Dougan reached that point when she was a young mother of two, living in Colorado away from her family, with a husband whose job as a geologist often took him on the road, and with a giant German shepherd that spent its life either licking or drooling.
One night, after a particularly frustrating day, "I got up in the middle of the night and started typing. Shortly after that, we moved back to Salt Lake, and I sent a column to Evelyn Mazuran, who was then the women's editor at the Deseret News. Two months went by, and I heard nothing. Then one day, Evelyn called and said they liked it, and could I do it on a weekly basis? I thought she was only doing it because she knew my mother, but the column lasted for 13 years."
Irene didn't figure much in that column, because her parents were still the primary caretakers, but as that role fell more and more to Dougan, she found that humor was still a big help.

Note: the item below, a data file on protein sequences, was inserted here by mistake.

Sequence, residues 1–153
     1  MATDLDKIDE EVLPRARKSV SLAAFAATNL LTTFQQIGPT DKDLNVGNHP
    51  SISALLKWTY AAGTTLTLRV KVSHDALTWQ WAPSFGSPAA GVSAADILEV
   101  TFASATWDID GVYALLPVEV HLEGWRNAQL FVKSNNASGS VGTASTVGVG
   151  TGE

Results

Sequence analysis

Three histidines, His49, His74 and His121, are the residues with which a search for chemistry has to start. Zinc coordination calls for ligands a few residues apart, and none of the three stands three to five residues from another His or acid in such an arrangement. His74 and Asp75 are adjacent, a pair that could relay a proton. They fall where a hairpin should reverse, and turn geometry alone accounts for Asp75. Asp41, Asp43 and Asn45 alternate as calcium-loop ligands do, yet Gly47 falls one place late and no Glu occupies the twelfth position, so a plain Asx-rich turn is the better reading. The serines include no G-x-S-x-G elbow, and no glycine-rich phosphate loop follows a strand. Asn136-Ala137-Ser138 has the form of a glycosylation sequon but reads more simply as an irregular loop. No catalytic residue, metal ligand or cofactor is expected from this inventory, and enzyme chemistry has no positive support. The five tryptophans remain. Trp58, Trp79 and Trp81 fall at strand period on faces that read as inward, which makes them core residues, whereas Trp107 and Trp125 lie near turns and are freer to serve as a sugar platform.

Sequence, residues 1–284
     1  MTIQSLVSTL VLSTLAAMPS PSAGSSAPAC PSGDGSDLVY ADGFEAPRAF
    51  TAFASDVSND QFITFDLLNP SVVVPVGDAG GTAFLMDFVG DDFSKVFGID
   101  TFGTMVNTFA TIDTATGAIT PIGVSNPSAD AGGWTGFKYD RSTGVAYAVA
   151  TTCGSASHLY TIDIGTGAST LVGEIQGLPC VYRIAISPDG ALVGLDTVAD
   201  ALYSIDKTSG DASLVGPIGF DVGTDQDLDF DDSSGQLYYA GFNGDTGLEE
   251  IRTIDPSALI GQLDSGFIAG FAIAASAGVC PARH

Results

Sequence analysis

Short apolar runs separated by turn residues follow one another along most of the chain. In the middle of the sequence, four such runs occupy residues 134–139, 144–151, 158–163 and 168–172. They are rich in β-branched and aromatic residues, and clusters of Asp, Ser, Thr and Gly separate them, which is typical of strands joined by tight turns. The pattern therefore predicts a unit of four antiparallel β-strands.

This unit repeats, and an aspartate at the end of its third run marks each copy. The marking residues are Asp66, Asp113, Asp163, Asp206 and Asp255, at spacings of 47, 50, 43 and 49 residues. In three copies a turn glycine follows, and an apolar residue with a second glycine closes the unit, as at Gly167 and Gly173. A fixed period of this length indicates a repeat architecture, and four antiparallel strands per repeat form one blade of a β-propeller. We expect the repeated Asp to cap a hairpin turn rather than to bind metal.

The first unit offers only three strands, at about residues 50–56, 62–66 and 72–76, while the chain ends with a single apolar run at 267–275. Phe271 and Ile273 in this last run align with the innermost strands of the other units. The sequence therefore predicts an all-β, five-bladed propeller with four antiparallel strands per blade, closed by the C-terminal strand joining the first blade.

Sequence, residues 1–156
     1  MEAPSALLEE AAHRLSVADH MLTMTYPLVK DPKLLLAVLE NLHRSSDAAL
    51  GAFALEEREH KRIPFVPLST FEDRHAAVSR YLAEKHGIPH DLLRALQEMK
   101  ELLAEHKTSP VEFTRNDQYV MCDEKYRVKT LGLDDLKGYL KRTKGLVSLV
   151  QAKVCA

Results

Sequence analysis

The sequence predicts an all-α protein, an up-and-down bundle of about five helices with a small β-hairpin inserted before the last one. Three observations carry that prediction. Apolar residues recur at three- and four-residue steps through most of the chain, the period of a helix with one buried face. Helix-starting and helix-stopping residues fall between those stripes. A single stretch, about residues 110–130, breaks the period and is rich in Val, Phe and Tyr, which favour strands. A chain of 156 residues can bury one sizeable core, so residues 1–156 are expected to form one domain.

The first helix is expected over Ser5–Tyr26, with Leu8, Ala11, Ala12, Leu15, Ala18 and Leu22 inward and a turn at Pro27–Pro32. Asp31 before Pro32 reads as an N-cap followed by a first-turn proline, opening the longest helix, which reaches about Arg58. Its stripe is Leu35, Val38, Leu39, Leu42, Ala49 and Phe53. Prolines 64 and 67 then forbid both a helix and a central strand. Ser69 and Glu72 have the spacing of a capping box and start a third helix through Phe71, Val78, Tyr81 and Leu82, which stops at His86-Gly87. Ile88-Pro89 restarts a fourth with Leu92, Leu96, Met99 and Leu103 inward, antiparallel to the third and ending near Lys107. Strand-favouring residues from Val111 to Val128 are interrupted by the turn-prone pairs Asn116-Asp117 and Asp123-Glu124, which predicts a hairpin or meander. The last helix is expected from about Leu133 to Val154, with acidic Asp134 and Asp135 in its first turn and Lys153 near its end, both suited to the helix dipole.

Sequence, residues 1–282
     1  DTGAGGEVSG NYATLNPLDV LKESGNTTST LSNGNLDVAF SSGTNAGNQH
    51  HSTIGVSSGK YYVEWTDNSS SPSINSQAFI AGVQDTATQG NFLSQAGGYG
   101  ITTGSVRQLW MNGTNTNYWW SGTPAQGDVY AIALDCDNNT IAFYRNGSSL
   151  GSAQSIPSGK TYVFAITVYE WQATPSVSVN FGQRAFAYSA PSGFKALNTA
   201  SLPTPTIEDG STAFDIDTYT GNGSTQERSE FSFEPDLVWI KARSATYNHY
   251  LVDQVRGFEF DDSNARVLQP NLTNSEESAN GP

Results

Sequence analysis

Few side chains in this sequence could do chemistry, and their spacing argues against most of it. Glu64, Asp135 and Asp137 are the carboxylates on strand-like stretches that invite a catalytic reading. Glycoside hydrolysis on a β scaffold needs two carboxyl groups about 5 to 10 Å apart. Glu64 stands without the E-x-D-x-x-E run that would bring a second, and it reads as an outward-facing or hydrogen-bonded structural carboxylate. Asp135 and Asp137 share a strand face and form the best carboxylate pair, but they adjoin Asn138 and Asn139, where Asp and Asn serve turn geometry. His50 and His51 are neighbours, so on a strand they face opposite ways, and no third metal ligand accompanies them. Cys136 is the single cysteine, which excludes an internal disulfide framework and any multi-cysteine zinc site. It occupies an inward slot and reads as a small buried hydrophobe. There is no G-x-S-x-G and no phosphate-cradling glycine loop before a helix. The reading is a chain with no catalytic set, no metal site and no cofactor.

After the incident with the chicken, Dougan attended a Writers@Work workshop and wrote an essay about Irene. And as she told stories about Irene to her friends and family, they encouraged her to write more.
Eventually, there came an agent and a book deal, and now the book "has made the monthly lists of all the book clubs, like Book-of-the Month and the Book Guild. I've been so surprised at the reception. Irene and I were even in People magazine."
Irene has also been pleased. She and her sister have gone to book signings, where she gets to use a stamp for her name. "It's fun," she says.
Dougan is starting to work on another book, which will be along the lines of "dreadful lessons I have learned about life, marriage, children, grandchildren and aging for fun and profit in my lifetime."
She also teaches water aerobics, serves on the boards of Red Butte Garden and This Is the Place Heritage Park (where she has volunteered for years), and is a grandma.
But through it all, one thing has not changed. She is Irene's sister. And that, she says, has been an adventure, but also an honor.